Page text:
The worst part about memories is the way they gradually fade away, except the memories you’d wish to forget.
It was June of 1992 and we had just moved into our first real house in Glascow, Kentucky. Real house meaning to that point, I was 8 years old and most of my childhood was spent in trailers with the exception of houses of family members or the one in Ohio we had to sneak out of in the middle of the night.
For the last couple of years we had moved from one trailer park to the next. We were always so close to our neighbors and now we had a huge yard with a whole forest behind it to explore. Our trailers and Ohio house at all been one story but this one at 2 and an attic. Mom was so excited to finally have her own house.
I was also excited because it was the first time I had my own room and didn’t have to share one with my 5 year old little brother Shane. It was huge too. I ran in circles on the carpet - I couldn’t wait to dance around in all that space. Things were starting to look up.
We were out one afternoon exploring our new town. After we found the post office we did some grocery shopping. We had just left the store when Mom started to act strange and a bit anxious. She put Shane in back seat while I got the bags loaded into the car then got in my usual spot next to her on the passenger’s side.
Mom opened the door and sat down, “Cassandra, I can’t see.”
A wave of panic hits me, “what do you mean?”
“I don’t know what’s wrong, I can’t see a thing. We need to get to the hospital.” I could tell she was scared but was trying to keep it together for us.
“How? Can you drive? Should I?”
“No, of course not. I need you to direct me. Tell me where to turn and when there’s cars around. Do you see any blue signs with a big H on them?”
I looked around until I spotted one down the street behind us, “yes.”
“Ok good, we’ll be okay. Let’s go.”
A nervous wreck I became Mom’s eyes as I looked around for the Blue H signs and told her when to turn when there was stop sign or a car in front of us. We were a team and she remained calm the whole time.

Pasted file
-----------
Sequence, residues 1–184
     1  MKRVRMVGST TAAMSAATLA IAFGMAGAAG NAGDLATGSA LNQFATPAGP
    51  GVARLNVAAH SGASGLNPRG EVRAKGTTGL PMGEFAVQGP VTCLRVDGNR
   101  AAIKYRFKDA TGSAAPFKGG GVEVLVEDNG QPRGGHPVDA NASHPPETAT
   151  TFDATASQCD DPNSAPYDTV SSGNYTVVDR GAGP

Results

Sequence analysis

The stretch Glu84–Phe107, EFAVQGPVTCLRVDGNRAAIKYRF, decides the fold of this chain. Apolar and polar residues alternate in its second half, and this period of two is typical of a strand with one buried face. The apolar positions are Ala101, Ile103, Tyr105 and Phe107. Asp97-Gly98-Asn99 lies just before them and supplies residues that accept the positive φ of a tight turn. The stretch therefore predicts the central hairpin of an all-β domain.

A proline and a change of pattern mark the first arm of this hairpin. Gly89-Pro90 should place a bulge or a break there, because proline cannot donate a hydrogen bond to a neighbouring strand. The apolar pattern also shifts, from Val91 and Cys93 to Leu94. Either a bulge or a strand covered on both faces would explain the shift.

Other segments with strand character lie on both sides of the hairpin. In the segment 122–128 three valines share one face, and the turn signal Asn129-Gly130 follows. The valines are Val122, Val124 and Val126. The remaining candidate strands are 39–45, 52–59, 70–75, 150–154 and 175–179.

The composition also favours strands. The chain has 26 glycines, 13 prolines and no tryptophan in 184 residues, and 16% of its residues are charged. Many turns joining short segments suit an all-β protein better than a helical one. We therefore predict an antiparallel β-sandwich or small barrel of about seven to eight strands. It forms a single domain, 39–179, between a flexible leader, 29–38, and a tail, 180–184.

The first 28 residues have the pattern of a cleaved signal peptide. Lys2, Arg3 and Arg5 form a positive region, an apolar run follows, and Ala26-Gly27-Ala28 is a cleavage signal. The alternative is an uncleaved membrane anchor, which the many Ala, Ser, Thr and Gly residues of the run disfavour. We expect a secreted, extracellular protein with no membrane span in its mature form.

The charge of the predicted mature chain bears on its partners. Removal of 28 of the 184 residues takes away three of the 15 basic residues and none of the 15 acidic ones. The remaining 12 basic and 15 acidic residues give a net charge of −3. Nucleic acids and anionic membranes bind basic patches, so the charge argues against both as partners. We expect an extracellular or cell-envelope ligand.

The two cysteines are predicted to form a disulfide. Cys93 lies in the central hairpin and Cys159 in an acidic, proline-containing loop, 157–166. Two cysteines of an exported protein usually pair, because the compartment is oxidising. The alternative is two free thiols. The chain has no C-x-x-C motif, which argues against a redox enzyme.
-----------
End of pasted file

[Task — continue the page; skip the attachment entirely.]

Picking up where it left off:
Once we got to the hospital I walked her inside with Shane. We got to the counter where Mom explained her symptoms and that her husband wasn’t in town. My father had been a long haul truck driver out on the road on and off for years. He was gone again and the only other person we knew in town were our landlords.
They called the Landlady to wait with Shane and I. I saw the worry in Landlady’s face; something was wrong but she tried to remain positive as we left the hospital and went back to the house to wait for Mom to get done with whatever tests they needed to do. I wondered if my Mom would ever be able to see again.
That night she came home and it seemed like she had some answers but wouldn’t tell me what was going on. She could see again but it wasn’t like before. She tried her best to act normal but I could tell something had changed and the worry on her face had started to show.
I had been excited about going up to visit my aunt Debbie in Rome, NY. The trip had been in the works for a long time and was going to go on as planned. I felt the push and pull of being excited to go to Debbie’s house but feeling like I needed to be with my Mom. Something was terribly wrong.
Eventually my dad came home and there were the usual closed door adult conversations happening but these felt more tense. He was going to take us up to NY in his semi truck while Mom stayed behind and got settled in the house. Shane and I loaded up the truck and I wanted so badly for Mom to come with us. She looked so worried but wanted us to go and have a good time.
The last memory I have of the Mom I knew waved goodbye to me as Dad’s semi truck backed out of our new driveway. There was something in her eyes that told me things were never going to be the same.
The look on her face from that moment still haunts me.